Networks of Empire: Forced Migration in the Dutch East India Company

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Cambridge University Press, 2009 - History - 340 pages
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Ward argues that the Dutch East India Company empire manifested itself through multiple networks that amalgamated spatially and over time into an imperial web whose sovereignty was effectively created and maintained but always partial and contingent. Networks of Empire proposes that early modern empires were comprised of durable networks of trade, administration, settlement, legality, and migration whose regional circuits and territorially and institutionally based nodes of regulatory power operated not only on land and sea but discursively as well. Rights of sovereignty were granted to the Company by the States General in the United Provinces. Company directors in Europe administered the exercise of sovereignty by Company servants in its chartered domain. The empire developed in dynamic response to challenges waged by individuals and other sovereign entities operating within the Indian Ocean grid. By closely examining the Dutch East India Company's network of forced migration this book explains how empires are constituted through the creation, management, contestation, devolution and reconstruction of these multiple and intersecting fields of partial sovereignty.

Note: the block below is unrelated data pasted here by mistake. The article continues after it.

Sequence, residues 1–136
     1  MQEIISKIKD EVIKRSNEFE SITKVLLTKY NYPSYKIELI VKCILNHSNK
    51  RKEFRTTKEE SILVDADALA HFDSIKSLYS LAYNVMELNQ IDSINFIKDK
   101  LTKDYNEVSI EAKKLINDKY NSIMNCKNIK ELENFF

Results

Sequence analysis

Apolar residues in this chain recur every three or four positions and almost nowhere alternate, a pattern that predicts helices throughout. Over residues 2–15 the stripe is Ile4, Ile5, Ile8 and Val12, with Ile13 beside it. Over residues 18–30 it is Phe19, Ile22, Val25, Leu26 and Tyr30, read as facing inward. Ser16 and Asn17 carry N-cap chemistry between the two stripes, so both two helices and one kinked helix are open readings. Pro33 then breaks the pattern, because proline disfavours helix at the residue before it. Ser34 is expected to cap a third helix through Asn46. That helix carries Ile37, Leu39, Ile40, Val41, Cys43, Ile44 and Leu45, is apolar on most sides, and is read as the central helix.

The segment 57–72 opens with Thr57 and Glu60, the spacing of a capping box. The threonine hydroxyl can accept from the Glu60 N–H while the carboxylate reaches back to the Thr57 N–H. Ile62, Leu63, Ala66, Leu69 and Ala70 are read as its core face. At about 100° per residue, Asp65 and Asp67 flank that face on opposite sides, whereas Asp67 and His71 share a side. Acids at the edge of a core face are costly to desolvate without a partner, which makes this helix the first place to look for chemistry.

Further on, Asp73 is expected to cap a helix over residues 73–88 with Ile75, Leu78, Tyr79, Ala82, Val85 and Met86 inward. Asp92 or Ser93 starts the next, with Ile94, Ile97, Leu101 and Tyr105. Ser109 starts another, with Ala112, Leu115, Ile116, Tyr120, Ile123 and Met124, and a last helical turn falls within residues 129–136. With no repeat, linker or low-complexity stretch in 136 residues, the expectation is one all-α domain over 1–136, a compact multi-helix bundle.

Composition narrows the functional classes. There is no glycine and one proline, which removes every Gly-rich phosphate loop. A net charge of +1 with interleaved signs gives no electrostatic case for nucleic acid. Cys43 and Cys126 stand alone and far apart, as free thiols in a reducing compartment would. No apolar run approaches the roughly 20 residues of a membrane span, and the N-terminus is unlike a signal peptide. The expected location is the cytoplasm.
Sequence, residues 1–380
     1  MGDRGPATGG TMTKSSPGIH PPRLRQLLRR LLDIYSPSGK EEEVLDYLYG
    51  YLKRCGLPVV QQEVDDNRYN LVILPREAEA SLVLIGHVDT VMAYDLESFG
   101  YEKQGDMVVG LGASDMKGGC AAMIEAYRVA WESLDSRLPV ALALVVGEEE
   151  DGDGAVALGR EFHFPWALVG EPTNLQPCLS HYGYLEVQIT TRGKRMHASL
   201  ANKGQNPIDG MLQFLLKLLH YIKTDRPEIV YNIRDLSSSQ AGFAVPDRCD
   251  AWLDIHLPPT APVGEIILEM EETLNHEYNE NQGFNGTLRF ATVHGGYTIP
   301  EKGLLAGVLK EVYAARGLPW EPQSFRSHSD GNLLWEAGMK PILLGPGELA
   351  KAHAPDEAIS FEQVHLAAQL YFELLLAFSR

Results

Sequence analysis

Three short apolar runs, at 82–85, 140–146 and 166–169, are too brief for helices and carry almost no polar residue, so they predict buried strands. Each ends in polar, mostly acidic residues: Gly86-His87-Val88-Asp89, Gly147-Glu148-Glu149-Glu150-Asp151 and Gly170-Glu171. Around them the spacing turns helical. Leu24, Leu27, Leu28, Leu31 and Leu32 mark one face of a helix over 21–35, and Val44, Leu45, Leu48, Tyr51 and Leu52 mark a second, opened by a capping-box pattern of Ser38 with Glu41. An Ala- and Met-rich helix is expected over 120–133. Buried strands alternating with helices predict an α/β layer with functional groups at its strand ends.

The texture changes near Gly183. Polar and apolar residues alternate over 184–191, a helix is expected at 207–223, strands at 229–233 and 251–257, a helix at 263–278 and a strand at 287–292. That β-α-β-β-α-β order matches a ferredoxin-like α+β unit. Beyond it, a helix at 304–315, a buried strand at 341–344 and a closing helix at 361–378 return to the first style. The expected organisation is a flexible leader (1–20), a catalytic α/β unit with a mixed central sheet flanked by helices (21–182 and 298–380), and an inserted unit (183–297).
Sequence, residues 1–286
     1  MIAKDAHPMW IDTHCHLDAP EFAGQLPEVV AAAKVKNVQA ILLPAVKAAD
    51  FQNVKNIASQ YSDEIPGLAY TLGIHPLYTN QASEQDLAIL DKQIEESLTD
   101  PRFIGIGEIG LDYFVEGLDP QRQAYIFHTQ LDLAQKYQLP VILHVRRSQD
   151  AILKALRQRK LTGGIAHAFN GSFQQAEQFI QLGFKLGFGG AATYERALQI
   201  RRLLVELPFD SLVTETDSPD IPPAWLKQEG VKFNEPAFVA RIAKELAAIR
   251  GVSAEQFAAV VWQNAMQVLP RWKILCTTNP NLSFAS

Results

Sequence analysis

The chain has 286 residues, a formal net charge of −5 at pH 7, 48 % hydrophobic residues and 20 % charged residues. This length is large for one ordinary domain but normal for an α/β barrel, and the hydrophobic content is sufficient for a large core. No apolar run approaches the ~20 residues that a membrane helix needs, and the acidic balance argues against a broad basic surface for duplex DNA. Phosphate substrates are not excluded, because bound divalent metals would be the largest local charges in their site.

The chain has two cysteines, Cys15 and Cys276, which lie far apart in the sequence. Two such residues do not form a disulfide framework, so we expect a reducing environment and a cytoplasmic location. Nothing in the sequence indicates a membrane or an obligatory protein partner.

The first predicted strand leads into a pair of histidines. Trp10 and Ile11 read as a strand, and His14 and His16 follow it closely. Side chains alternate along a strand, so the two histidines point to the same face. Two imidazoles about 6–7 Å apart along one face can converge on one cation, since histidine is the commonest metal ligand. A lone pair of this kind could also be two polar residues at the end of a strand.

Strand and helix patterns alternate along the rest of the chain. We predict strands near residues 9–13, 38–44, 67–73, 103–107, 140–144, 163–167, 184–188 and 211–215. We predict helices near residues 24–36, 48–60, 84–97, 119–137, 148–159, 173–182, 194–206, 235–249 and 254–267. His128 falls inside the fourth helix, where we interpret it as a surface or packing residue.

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About the author (2009)

Dr Kerry Ward is currently Assistant Professor of World History at Rice University. She has a PhD from the University of Michigan, an MA from the University of Cape Town, and a BA from the University of Adelaide. She has published in the fields of comparative slavery and forced migration, comparative imperialism and colonialism, Indian Ocean history, South African and Southeast Asian history, historical memory, and public history in South Africa.

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